The state legislature will end the current session in just a few weeks, and another year will pass without relief from the crippling unfunded mandates that the bi-partisan statewide Mayors’ and Municipal Officials Association asked our elected officials to address. Even a bill that required the state, rather than the local governments, to pay the costs for any future unfunded mandates contained in legislation that is passed in Albany, died in committee.
As a result, the MTA tax levied on the village remains as well as the Wick’s Law which requires that individual contracts be bid for every trade when a school or municipality undertakes a construction project. The continuation of this law will again adversely impact the village as the school embarks on the auditorium renovation project. It is estimated that the Wick’s Law provisions increase the cost of municipal projects by 10 percent to 30 percent versus the same work done in the private sector.
Pension reform simply did not happen. A plan was promulgated allowing financially strapped municipalities to pay a smaller amount of their pension obligation in the next few years, with balloon payments coming five years out. This will stave off some local bankruptcies in the short term and five years hence, when the full impact of the delayed obligations come to roost, many elected state office holders who favored this option will have moved on or retired. This is the ultimate in “kicking the can down the road” and the “not on my watch” mind set.
The New York state requirement for binding arbitration for uniformed municipal employees was also not addressed. Under the current system, when a municipality and a union reach a stalemate, binding arbitration is triggered and strangers are dispatched to a community to make the financial decisions relating to a new labor agreement leaving the local electeds and the property taxpayers out of the equation. Communities are also penalized if they have a fund balance due to prudent planning. The lesson seems to be if you do not save for a rainy day or emergency, you are rewarded with a lower arbitration award.
The village is also a proponent of legislation that would allow municipal notification of public meetings online versus weekly newspapers. The information would reach residents in a more timely manner and at cost savings for the taxpayers. The bill is aggressively opposed by the print media.
Though major changes to the burdens imposed on New York state property taxpayers are not being addressed in Albany, our local legislators, Sen. George Lattimer and Assemblywoman Amy Paulin, have been very responsive to issues unique to their district.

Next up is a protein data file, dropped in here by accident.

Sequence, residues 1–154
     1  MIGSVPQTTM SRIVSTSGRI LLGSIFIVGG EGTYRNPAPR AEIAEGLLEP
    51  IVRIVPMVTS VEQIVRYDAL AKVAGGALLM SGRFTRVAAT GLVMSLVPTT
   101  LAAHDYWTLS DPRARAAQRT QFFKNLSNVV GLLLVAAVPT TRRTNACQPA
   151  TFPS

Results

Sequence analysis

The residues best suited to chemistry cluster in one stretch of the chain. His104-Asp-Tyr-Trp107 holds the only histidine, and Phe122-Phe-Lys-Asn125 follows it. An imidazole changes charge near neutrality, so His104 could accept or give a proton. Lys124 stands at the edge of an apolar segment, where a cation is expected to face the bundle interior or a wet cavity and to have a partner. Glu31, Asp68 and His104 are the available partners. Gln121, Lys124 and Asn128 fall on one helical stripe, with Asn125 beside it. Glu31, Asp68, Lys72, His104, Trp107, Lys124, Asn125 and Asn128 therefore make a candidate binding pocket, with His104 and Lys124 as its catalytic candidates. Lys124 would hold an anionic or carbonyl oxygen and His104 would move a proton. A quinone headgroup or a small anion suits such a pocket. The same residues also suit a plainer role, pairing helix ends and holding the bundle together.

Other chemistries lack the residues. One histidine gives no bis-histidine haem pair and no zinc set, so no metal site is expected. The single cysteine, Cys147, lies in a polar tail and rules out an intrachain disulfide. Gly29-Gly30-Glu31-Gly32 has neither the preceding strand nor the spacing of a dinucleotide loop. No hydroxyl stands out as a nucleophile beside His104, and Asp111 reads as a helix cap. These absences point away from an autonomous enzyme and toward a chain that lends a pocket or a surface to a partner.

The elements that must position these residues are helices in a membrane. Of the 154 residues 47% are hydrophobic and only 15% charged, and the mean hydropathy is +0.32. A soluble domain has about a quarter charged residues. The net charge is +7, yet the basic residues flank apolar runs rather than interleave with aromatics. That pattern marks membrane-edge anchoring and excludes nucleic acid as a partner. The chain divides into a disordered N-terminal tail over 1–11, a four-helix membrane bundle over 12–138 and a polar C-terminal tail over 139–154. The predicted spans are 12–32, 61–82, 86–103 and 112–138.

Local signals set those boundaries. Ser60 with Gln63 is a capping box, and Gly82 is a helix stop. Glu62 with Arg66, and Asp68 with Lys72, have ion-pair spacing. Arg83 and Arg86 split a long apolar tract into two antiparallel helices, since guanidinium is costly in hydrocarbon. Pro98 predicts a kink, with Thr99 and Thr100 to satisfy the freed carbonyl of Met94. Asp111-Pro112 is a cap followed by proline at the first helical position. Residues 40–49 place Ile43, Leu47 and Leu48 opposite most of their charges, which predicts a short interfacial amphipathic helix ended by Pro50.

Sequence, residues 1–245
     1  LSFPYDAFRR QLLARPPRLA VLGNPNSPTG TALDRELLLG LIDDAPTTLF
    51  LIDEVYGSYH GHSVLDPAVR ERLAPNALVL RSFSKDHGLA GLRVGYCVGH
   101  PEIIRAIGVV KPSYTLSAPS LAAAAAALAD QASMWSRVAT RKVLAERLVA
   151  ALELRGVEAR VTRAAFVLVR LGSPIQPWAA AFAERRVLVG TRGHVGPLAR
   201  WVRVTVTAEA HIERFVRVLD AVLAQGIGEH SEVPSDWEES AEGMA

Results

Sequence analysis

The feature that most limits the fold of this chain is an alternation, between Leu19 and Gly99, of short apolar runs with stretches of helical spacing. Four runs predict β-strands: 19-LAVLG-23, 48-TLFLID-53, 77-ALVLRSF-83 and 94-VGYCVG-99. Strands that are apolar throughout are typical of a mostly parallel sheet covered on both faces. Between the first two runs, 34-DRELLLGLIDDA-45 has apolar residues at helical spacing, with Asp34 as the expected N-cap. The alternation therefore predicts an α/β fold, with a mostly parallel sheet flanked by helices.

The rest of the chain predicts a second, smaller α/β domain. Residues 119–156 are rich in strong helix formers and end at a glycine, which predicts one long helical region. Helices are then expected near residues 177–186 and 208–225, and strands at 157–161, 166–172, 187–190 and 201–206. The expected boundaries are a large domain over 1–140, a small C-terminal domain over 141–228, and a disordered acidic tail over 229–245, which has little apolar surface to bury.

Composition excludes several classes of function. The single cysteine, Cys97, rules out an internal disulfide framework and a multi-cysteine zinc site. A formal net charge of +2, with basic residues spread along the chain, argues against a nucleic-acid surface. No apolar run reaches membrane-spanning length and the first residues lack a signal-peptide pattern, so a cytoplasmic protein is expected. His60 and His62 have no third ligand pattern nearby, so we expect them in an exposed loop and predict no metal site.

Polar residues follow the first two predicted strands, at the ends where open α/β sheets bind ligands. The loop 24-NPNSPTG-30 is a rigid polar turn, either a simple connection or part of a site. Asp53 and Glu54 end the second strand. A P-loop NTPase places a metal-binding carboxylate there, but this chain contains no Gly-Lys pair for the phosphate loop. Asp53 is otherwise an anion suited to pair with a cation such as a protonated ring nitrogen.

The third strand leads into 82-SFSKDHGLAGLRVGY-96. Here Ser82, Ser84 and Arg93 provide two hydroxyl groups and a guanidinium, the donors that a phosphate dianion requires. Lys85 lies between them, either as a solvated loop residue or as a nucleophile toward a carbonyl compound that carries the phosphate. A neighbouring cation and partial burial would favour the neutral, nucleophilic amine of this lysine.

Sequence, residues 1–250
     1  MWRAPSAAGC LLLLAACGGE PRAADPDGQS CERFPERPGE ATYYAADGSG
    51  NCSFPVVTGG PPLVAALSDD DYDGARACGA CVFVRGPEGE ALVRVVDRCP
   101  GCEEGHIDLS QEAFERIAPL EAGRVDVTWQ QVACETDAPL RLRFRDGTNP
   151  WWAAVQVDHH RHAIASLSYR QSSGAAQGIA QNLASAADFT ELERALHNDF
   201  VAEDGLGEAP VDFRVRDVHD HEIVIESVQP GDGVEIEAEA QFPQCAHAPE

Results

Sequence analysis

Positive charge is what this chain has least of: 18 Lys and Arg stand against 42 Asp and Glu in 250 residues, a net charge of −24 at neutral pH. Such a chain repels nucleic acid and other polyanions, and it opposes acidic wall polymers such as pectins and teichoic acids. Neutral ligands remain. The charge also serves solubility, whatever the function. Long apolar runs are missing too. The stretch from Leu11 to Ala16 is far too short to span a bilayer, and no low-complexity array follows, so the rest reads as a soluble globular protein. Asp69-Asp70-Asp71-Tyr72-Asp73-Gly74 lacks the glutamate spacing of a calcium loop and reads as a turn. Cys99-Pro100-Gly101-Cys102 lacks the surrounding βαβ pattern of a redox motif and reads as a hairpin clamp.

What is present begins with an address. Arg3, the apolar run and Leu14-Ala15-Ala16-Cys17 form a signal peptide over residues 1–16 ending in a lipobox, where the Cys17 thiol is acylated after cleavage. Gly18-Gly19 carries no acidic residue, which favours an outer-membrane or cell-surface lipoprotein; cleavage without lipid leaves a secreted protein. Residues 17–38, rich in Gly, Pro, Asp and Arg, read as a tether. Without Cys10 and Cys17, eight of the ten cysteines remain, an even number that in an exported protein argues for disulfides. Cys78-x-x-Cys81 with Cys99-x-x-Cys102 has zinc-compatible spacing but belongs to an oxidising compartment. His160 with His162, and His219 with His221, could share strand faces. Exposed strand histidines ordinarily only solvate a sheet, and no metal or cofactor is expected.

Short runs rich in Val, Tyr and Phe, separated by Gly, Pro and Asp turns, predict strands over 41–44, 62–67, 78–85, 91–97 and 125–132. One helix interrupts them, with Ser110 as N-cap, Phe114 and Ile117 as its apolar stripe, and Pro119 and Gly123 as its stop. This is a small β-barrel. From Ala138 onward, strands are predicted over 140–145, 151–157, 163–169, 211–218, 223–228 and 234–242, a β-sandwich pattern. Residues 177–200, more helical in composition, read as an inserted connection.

As example, our legislators championed a bill that would move the Eastchester Fire District election from its December date with limited polling hours and locations to coincide with the regular November elections. Since the Eastchester Fire District budget of approximately $16 million now surpasses both the municipal budgets of Tuckahoe and Bronxville, offering the taxpayers more hours to cast their votes and more polling places seems only fair. The bill passed in the Assembly and is awaiting a Senate vote.
Another bill with great financial impact to the village is also winding its way through the legislature courtesy of Mr. Lattimer and Ms. Paulin. The village, along with 10 other municipalities, banded together to champion a bill that would allocate the cost of water hydrant maintenance to all users of water and not just property taxpayers as is the current structure. Last year, Bronxville village taxpayers spent $105,614.00 to maintain the hydrants throughout the village. With the passage of this bill, there will be a more equitable allocation of the maintenance costs.
These local bills, though quite necessary, are only small potatoes compared to the unfunded burdens that are passed to local governments via Albany.
From my vantage point, it is both disheartening and unsustainable. We have elected officials unwilling to address a pension plan in many cases because as career politicians they have a vested interest. We have strayed so far from the Founding Father’s model of giving a few years of service to one’s government and then returning to private sector careers. It may take the populace electing representatives who have non-political expertise, who do not fear defeat or aspire to even higher office to get us back on the right path. Property taxpayers simply must view themselves as the most important special interest group and make their voices heard.